Why it’s important to protect national music heritage

While the music lives on, ensuring that the oud maintains its timeless magic requires dedication and commitment.

The calluses on Amro Fawzy’s hands tell the entire story. For 20 years, the Egyptian oud maker has eked out a living by meticulously assembling models of the traditional Arabian instrument from scratch – and by hand.

But this is more than a chore for the seasoned artisan: the pride and emotional satisfaction he derives from the painstaking routine outweighs anything else.

“The oud has transcended its role of being merely a musical instrument. It has become a symbol of identity in the Arab culture,” says Amro, who since 2008 has been the master craftsman at Bait Al Oud, the music institute managed by the Department of Culture and Tourism – Abu Dhabi.

Cultural treasure 

Touted as the ‘father of all musical instruments’ in the Middle East and the ‘grandfather of the guitar’, it is estimated that the oud has been around for as long as 5,000 years, based on archaeological findings in ancient Mesopotamia.

The pear-shaped instrument has played a major role in shaping Arabic civilisation, making its way into every facet of the culture from literature and entertainment to philosophy     and religion.

However, the art of oud-making has taken a significant hit over the years due to a number of reasons, including lack of training opportunities for aspiring young craftsmen, and instability in countries like Syria and Iraq – two countries that are home to multiple oud workshops.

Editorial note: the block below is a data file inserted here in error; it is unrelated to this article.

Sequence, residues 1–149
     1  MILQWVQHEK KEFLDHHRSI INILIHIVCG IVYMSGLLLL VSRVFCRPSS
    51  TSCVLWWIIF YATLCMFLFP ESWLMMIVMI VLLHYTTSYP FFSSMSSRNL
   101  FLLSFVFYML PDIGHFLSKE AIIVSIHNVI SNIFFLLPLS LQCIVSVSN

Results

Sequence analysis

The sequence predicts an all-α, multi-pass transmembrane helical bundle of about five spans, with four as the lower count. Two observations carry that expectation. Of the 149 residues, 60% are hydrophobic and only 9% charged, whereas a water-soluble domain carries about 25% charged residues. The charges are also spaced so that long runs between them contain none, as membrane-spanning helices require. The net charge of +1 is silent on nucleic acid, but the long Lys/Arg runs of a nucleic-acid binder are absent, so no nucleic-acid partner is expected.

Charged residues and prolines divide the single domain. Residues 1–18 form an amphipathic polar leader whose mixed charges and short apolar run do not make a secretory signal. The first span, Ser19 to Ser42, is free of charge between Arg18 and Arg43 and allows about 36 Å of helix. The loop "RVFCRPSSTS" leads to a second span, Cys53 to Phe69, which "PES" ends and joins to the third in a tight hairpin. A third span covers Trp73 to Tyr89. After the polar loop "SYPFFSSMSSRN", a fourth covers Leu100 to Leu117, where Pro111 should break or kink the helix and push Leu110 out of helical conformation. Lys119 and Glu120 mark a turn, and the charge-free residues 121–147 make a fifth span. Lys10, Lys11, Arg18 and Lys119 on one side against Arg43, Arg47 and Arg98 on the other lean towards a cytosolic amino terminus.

Safe and sound

Part of Bait Al Oud’s goal is to help keep the Arabic culture alive both in the region and internationally. This is being done through lessons offered to those who want to learn how to play the oud and by organising public performances in an effort to bring the timeless lute closer to the public.

The institution is also set to start selling its own handcrafted oud instruments to retail outlets in the UAE and further afield in an effort  to further spread awareness about it and the entire culture surrounding it.

At present, Bait Al Oud sells the instruments in-house with prices starting at AED 7,000, and with an aim to export by 2019.

Currently, the centre’s workshop, manned by Amro and an assistant, produces six models per month built around a total span of 22 working days.

While that may sound low in terms of output, it’s worth noting that each piece is created 90 percent by hand – with Amro himself painstakingly doing the measuring, cutting, carving and assembling of the materials to produce a single unit.

The wood materials – namely, rosewood, spruce, cedar and mahogany – are imported from India, Canada and America.

“The combination of these wood materials gives our oud that superb quality in terms of durability and acoustics,” Amro proudly points out, while showing the wood’s thick exterior for emphasis.

“There are only five oud workshops in the world that produce this same kind of quality. Other products in the market, while fine for practising with, are not as durable, and experienced players will know the difference when they use one.”

Aside from hoping to someday use a locally sourced wood, Amro dreams of finding more time to teach younger craftsmen the art of oud making.

“That is something that I would love to do more,” he beams. “Passing on my knowledge would help the tradition to live on for future generations. We need more oud makers.”

But what does it take to be a good oud maker?

“You have to love the instrument, first and foremost,” advises Amro, whose own journey started from learning how to play the oud.

“Building this kind of instrument, or any instrument for that matter, is never easy, so you have to have the heart to complement your skills to be able to stay in the game.

“You’re not just building an instrument; you’re upholding a rich culture that has stood the test of time.”

WORDS Ferdinand Godinez

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